What is the deep meaning of your art?

My art aims to fight the loss of Arabic identity and confusion using Arabic calligraphy that was always one of the most remarkable and effective art forms. I try to convey the message to people that we, as Arabs, have what can make us feel proud and we can revive our glory when we believe in the civilization and history our predecessors achieved and try to protect it. Mixing Arabic calligraphy with the simple modern drawings attracts huge numbers of young people and it sometimes leads them to read some verses of a poem which eventually allows them to know more about their mother language with its verbal and formal beauty. Arabic calligraphy is visually beautiful but it can also contain a profound meaning, whether words are taken from a song, poem, proverb or Qur’an verses.

Tell us a bit about the artistic process, how is it triggered?

To begin with I am attracted by the meaning of words, poems or songs and I feel that I want to present them in a way that can portray the feelings and emotions they convey to me. Then I start thinking about the overall shape of the drawing. It’s like writing the lyrics of a song: you start from the words and then you think about the melody, in my case about the shape of the words. Sometimes the opposite happens. I draw the format of the words first with a pencil and keep repeating them many times until I get the perfect shape. Sometimes, I retouch my drawings using Photoshop or Illustrator.

I like reading and listening to different songs and genres of music as a source of inspiration.

What have you recently worked on? 

Designing book covers is a part of my work as a graphic designer, as I try to be more comprehensive and create valuable artistic achievements in different fields. Actually, the book field is the closest one to my heart, because I love reading and writing. Until now, I have designed about 200 book covers, but I pay greater attention to the Arabic calligraphy drawings nowadays, I’m planning to create a book about Arabic Calligraphy soon to create a mix between both of them. I’m working on many projects, one of them is a book about Arabic songs, to teach foreigners who want to learn Arabic language and I’m responsible for designing the inner illustrations for singers using some verses of their songs as my favourite theme, and also the cover for it. 

Arabic calligraphy Hatem Arafa with Manuscript pens

Your favourite tool?

It depends on what I’m working on, I like the classic pens made of bamboo for writing big pieces and I like metal pens for practising and letters, also  normal markers for teaching my students, or for speed design, and I like to examine new tools all the time.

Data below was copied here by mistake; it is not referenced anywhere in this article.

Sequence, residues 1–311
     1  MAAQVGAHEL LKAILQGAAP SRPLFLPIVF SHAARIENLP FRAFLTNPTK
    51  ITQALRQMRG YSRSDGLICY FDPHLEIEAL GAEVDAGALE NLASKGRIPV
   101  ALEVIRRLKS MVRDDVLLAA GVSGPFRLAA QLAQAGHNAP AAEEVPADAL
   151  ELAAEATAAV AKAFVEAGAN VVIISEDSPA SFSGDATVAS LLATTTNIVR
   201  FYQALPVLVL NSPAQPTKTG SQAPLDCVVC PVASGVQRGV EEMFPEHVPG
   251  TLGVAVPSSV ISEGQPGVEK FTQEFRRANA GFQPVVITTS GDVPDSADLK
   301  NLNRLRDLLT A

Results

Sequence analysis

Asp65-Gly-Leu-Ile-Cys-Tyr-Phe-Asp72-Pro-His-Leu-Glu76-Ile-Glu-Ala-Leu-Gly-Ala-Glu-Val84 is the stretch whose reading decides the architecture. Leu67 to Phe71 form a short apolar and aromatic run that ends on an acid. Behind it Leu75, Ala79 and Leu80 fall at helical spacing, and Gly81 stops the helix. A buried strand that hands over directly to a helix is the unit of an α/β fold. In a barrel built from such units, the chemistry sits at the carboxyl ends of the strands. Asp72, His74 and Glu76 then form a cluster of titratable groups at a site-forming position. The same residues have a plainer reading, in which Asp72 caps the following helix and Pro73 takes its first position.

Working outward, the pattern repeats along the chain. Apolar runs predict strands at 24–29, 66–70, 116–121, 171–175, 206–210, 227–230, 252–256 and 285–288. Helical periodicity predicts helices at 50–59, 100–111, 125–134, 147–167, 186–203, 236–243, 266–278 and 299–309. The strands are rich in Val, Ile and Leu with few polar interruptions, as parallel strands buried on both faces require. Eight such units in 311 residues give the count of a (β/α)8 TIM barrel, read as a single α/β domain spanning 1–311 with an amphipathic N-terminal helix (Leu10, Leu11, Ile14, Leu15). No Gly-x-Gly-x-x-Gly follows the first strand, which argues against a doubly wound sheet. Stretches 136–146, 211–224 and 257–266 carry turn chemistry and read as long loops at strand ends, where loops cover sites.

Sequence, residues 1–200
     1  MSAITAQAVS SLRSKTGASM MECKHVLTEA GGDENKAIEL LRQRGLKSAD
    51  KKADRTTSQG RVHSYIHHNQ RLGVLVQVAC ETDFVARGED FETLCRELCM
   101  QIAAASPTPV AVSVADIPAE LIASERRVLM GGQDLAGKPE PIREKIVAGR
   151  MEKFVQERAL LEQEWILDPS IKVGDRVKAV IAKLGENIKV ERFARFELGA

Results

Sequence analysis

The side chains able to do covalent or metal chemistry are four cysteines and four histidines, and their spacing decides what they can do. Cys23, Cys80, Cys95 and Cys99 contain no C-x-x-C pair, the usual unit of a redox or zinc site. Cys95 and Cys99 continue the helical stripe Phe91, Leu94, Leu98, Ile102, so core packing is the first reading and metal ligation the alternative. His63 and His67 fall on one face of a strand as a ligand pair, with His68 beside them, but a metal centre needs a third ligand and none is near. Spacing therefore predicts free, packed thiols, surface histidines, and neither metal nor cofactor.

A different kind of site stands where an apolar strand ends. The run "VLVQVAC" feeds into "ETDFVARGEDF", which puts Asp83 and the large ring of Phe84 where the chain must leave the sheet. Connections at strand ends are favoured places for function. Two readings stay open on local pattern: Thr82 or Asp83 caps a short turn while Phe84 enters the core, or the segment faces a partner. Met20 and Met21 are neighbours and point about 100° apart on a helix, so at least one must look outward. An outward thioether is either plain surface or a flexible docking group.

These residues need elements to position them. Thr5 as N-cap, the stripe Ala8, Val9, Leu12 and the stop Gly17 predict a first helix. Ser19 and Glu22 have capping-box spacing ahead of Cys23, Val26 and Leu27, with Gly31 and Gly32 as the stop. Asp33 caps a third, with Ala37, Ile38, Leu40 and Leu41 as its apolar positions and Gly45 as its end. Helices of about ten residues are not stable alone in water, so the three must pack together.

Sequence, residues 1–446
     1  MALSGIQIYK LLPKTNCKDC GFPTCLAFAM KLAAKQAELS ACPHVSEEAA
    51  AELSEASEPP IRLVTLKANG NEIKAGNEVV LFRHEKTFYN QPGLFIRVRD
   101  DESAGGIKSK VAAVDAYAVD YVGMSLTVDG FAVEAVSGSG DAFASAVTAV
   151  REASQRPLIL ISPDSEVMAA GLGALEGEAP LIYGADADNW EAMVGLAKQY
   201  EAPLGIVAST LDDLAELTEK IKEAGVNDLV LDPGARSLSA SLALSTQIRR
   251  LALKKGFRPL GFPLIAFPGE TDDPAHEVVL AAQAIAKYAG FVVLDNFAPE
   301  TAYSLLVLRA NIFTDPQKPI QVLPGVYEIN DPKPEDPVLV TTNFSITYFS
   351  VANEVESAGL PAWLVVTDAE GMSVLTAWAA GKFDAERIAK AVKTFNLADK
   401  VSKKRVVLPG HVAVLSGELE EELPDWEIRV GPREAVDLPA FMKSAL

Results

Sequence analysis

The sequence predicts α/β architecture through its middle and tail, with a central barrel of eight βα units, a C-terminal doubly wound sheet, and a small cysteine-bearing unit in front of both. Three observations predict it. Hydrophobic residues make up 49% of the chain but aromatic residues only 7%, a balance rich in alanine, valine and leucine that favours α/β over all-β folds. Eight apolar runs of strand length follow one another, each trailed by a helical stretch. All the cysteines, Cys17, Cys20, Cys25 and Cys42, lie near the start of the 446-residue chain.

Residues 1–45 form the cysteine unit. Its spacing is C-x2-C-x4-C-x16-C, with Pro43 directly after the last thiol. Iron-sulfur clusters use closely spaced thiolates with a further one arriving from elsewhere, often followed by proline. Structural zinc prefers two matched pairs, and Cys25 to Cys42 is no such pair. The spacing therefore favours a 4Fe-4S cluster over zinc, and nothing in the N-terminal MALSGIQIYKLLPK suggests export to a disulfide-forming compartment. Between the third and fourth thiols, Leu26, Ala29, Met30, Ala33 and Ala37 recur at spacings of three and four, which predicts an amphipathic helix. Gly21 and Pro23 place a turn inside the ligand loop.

What is your artwork you’re most proud of?

I’m always thinking about the artwork I haven’t finished yet. Once I finish something I forget it and focus on the next one, but the thing I am most proud of is the number of students I teach in my workshops around the world.

Future projects?

I’m planning to hold more calligraphy workshops in other countries, especially where they don’t speak Arabic, so that I can attract them to this magical world. That’s why I hope to make a tour around Europe soon!

What piece of advice would you give to people willing to learn Arabic calligraphy?

You need to have a lot of patience in this field because it takes a long time to get on the right track and make good shapes, and to keep practising all the time without any special aim, because it is always ongoing.

Arabic Calligraphy Hatem Arafa (2)

A final message to the readers of this post?

God made everything around us in this world out of beauty and he also described himself as such. Man deserves to see beauty everywhere that can nourish his soul and mind and that’s why I see Arabic lettering as so important, as it combines the beauty of the outer shape, inner content and deeper meaning. Spreading such art and expressing it in the small details of our daily lives such as the names of the stores or streets, the drawings and writing on clothes, the artistic work hanging on the walls of houses and shops and even the names of newspapers and magazines. This will make everything our eyes see more beautiful, enjoyable and stimulating for the mind and soul.


Check the gallery below to see some of his inspiring work. To see all our Fountain Pen sets suitable for Arabic calligraphy click here.

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Sources: Hatem Arafa and Daily News Egypt